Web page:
How to Forecast High-Profit Intermittent Products?
How should you deal with low-volume intermittent products? We’ll discuss forecasting, inventory and supply chain optimization
📊 Should You Optimize Your Forecasting Process?
Forecasting low-volume products have always been a challenge. Historically, Croston models have been used to forecast intermittent demand (see my article Forecasting Intermittent Demand with the Croston Model). More recently, Nikolaos Kourentzes proposed a temporal aggregation method (see it here). It is usually good with intermittent demand, but not perfect.
To improve low-volume products further, you can also work with judgmental forecasts (for more info, see the second upcoming edition of my book Data Science for Supply Chain Forecasting or the book The business forecasting deal by Michael Gilliland). Using shared information by your customers or looking at the sales pipeline with your sales team might help.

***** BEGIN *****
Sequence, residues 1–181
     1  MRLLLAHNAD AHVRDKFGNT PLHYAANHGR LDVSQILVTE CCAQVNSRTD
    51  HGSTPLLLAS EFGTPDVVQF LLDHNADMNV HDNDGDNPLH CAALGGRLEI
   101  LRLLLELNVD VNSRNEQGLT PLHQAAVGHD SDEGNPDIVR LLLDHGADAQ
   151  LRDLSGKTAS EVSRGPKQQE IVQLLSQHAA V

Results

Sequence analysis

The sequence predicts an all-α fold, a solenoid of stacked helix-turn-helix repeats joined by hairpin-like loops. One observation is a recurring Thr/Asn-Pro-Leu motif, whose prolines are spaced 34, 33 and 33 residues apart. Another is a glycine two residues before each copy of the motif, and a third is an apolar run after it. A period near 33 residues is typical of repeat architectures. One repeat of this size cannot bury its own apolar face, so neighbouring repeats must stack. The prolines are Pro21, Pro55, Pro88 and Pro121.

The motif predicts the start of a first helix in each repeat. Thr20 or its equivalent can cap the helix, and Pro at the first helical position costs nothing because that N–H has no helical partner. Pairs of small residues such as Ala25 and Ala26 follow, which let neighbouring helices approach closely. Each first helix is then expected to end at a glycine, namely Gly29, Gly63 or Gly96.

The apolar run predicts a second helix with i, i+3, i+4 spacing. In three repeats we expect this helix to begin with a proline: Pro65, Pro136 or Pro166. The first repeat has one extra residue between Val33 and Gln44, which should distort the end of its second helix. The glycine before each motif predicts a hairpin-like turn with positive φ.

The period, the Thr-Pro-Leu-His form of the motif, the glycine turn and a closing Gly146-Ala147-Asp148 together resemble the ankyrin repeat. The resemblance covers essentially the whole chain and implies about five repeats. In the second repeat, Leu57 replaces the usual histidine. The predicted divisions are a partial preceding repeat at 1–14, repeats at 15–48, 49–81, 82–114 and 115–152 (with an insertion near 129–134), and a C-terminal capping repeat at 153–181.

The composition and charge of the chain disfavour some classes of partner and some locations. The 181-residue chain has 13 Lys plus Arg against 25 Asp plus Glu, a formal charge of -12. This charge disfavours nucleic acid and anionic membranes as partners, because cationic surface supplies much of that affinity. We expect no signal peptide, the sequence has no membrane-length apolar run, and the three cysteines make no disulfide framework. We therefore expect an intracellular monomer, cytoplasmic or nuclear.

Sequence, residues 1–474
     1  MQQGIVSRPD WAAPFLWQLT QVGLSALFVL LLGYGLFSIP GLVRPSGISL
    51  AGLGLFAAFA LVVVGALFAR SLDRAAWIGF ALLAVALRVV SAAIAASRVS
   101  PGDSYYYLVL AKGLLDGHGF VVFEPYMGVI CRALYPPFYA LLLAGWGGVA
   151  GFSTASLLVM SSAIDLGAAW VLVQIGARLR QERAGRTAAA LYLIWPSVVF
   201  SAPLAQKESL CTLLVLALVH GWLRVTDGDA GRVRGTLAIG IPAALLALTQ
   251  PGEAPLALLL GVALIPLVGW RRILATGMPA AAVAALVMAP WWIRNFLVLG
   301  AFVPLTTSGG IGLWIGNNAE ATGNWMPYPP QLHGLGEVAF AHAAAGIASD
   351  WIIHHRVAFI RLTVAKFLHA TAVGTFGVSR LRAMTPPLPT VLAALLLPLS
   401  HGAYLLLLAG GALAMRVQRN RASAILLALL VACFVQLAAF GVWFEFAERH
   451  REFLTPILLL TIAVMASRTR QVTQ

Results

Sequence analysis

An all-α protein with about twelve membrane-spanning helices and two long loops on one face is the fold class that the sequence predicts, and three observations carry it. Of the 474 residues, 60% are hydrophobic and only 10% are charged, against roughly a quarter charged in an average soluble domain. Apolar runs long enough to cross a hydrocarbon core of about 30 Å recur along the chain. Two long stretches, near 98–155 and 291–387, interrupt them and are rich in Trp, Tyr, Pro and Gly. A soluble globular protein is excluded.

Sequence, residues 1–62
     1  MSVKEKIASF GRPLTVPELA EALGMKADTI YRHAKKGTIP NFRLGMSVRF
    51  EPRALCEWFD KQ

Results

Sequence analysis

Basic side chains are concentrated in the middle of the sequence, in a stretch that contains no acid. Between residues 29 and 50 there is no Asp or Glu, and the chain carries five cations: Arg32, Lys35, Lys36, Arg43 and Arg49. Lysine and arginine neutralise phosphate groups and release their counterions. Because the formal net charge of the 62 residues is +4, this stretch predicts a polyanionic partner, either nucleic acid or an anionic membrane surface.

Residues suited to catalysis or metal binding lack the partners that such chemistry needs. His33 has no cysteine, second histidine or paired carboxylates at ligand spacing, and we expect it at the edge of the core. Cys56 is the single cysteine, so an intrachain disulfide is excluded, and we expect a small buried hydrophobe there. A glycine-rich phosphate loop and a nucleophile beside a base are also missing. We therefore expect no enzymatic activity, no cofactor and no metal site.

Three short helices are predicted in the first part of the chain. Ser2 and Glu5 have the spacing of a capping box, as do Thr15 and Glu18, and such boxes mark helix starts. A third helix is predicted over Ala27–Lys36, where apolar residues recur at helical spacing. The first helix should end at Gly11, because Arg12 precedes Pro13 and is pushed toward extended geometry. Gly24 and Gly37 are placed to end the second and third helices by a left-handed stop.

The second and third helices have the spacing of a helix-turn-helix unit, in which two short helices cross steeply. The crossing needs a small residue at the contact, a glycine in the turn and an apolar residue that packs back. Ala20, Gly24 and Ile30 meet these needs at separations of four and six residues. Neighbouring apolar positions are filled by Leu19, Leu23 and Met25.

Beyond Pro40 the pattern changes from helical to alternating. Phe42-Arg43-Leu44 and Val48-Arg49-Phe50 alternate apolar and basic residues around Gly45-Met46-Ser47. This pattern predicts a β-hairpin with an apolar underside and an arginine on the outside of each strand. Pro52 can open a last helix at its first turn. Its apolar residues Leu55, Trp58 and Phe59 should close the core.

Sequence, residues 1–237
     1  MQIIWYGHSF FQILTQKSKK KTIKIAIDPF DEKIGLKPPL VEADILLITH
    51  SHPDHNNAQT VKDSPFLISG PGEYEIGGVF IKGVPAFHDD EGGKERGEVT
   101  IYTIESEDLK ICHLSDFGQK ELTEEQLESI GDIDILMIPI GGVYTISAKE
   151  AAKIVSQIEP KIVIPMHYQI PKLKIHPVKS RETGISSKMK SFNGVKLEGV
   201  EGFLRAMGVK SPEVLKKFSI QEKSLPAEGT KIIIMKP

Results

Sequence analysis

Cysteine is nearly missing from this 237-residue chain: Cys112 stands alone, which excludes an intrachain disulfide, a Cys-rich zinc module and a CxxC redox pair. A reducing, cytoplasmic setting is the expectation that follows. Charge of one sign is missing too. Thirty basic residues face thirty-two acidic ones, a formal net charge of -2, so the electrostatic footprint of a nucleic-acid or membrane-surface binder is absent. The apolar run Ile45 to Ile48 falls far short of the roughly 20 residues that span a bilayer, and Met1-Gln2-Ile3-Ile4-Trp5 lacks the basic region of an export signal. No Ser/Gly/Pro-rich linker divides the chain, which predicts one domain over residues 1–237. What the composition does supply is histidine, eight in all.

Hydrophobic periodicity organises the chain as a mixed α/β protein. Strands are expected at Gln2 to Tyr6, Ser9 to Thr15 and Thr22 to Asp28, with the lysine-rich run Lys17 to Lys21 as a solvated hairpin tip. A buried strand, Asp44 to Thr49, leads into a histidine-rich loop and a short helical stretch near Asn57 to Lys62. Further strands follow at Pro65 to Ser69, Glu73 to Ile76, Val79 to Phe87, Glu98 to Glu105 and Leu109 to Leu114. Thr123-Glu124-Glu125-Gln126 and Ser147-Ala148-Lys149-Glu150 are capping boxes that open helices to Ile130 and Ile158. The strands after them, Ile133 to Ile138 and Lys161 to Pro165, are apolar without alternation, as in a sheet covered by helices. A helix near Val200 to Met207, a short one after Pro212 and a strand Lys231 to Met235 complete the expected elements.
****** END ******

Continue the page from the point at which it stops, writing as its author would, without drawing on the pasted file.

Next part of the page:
In the end, an optimized, accurate forecast model will only marginally improve the forecast accuracy of low-volume items — their demand will still be inherently highly variable. What is the added value of knowing that next week’s forecast is 0.12 units and not 0.11?
How to Forecast Intermittent Products
This article explores one of the most challenging problems in supply chain management: forecasting intermittent demand…
Demand Forecasting Best Practices
Demand Forecasting Best Practices: 9781633438095: Computer Science Books @ Amazon.com
📦 Should You Optimize Your Inventory Policies?
As we discussed, optimizing your forecast model or process for low-volume items will only provide marginal benefits. Henceforth, optimizing your forecast is not the right way to optimize your low-volume high-profit items. Instead, you should optimize your inventory policies.